Referring again to
In the depicted embodiment of the invention, air flow tubules 84 are secured to end cap 80 and pass air flow through end cap 80, generally parallel to a long axis of tube 76 and base 78. As discussed above, tube 76 and base 78 may be sized to receive any desired body part therein. For example, tube 76 and base 78 may be sized to receive individual fingers therein or larger body parts such as entire hand, arm or leg. Any number of air flow sleeves 60 may be used in the application of the invention.
Referring now to
Referring now to
General design considerations for air sleeve 56 according to an embodiment of the invention are as follows:
Air sleeve 56 is sized to fit at least the 95% male size of an appendage to be treated. It is desirable but not required for padding 84, 90, 100, 126 to be present on base 72, 78, 88, 98, 112, 124 of air sleeve 56. Air sleeve 56 is sized so that a body part to be stimulated can be easily inserted and removed from air sleeve 56. The air sleeve 56 is formed of MRI compatible material that is also transparent to x-rays.
According to the invention, air bursts may be applied for example, for approximately one to five seconds on followed by a period of one to five seconds off. Gentle flow of the air is desirable. Therefore, air should be applied at a low pressure and a low flow rate.
Air supply for post stroke stimulation device 10 of the present invention, may include various controller concepts. For example, air supply may be obtained from wall air in a hospital or a treatment facility and may be actuated manually by use of a pitch tube or a valve.
According to another embodiment of the invention, wall air may be utilized along with a microcontroller controlling a solenoid valve. According to an automated approach to the invention, pulse length, pulse frequency and pulse intensity are adjusted according to a selected program. According to another embodiment of the invention, the air supply may be provided by an integral air compressor with an electronic valve that is built into or coupled to post stroke stimulation device 10.
In operation, post stroke stimulation device 10 is placed on an extremity of a patient to be treated, such as on a hand. Controller 28 is set or programmed to provide regular changing stimulation via the post stroke stimulation device 10.
For example, controller 28 may be programmed so that actuation of tactile actuators 14 occurs in the following sequence. Thumb actuators 16 are activated and released, index finger actuators 18 are activated and released, second finger actuators 20 are activated and released, third finger actuators 22 are activated and released, fourth finger actuators 24 are activated and released and then palm actuators 26 are activated and released. The treatment cycle may then repeat from the beginning for example.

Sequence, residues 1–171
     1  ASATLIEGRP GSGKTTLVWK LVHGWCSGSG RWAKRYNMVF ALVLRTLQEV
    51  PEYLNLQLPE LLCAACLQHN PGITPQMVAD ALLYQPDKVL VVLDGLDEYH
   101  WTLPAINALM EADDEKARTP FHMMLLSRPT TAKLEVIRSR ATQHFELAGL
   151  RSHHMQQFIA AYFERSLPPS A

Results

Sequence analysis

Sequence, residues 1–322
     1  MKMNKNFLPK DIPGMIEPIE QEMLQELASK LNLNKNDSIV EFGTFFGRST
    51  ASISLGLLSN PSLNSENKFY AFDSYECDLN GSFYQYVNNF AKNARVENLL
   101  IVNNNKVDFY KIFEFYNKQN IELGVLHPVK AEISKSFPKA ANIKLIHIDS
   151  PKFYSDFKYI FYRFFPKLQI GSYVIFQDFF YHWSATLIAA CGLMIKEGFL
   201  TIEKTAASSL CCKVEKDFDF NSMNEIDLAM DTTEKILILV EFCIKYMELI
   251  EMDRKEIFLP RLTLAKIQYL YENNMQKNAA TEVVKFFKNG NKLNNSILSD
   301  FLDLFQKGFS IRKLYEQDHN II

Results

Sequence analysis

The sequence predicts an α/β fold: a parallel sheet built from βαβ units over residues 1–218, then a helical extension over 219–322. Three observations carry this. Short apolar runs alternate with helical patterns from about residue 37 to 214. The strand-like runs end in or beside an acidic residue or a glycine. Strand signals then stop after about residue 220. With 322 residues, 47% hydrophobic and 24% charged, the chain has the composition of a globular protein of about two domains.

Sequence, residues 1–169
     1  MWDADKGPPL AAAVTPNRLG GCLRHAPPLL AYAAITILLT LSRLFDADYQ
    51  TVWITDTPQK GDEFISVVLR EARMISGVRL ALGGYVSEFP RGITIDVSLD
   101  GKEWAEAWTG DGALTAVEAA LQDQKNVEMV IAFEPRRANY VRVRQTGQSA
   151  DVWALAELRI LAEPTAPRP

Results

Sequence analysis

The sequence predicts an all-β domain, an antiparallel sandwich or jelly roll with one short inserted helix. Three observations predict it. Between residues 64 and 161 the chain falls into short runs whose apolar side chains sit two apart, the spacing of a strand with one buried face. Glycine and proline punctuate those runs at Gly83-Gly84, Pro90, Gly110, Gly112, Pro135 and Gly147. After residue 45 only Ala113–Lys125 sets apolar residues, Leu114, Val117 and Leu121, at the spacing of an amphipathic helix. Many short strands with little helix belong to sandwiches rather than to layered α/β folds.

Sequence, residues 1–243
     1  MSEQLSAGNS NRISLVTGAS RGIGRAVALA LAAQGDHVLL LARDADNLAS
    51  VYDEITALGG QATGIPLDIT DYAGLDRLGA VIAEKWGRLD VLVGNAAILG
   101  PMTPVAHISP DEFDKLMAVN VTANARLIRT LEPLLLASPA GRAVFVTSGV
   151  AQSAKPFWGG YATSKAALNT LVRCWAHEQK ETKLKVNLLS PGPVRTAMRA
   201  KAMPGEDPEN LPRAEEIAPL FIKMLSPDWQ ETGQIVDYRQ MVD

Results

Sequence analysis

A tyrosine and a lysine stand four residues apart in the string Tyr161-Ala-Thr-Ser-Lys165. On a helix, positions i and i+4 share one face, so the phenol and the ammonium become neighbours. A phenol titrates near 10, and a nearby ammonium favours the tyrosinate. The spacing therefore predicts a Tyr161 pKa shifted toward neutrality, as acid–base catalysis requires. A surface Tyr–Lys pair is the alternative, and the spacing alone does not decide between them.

In addition, continuously variable programs may be desirable to reduce the likelihood of habituation to the treatment program. One of ordinary skill in the art will recognize that many various treatment programs are possible. Further, effective treatment protocols may be determined by future experimentation.
As discussed above, various tactile actuators 14 may be utilized. It is to be understood that controller 28 will vary in structure depending upon the type of actuators utilized. Controller 28 may include an air pump (not shown) for pneumatic actuators while electrically operated actuators may be controlled by electrical impulses. Tactile actuators 14 of other types have a controller 28 adapted accordingly.
The present invention may be embodied in other specific forms without departing from the spirit of the essential attributes thereof; therefore, the illustrated embodiments should be considered in all respects as illustrative and not restrictive, reference being made to the appended claims rather than to the foregoing description to indicate the scope of the invention.
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|1||Electrical Forepaw Stimulation During Reversible Forebrain Ischemia Decreases Infarct Volume; American Stroke Associate; Mark G. Burnett et al.; Stroke 2006; 37:1327-1331.|
|2||Enhanced Neurogenesis and Cell Migration Following Focal Ischemia and Peripheral Stimulation in Mice; Wen-Lei Li et al.; Dev Neurobiol; Nov. 2008; pp. 1474-1486.|
|3||International Preliminary Report on Patentability for International Application No. PCT/US2012/046177, dated Jan. 14, 2014, 7 pages.|
|4||International Search Report of PCT/US2012/046177, Jan. 28, 2013; Eric S. Nussbaum et al.; 5 pages.|
|5||Whisker Stimulation Enhances Angiogenesis in the Barrel Cortex Following Focal Ischemia in Mice; Vivian R. Whitaker et al.; Journal of Cerebral Blood Flow and Metabolism; (2007) 27, pp. 57-58.|
|6||Written Opinion of the International Search Report of PCT/US2012/046177; Jan. 28, 2013; Eric S. Nussbaum et al.; 6 pages.|
|International Classification||A61H15/00, A61H23/02, A61H9/00, A41D19/00|
|Cooperative Classification||A61H9/0071, A61H2201/5038, A61H2205/10, A61H2015/0021, A61H9/0078, A61H2205/06, A61H2015/0042, A61H2201/5035, A61H2205/065, A61H23/02, A41D19/0027|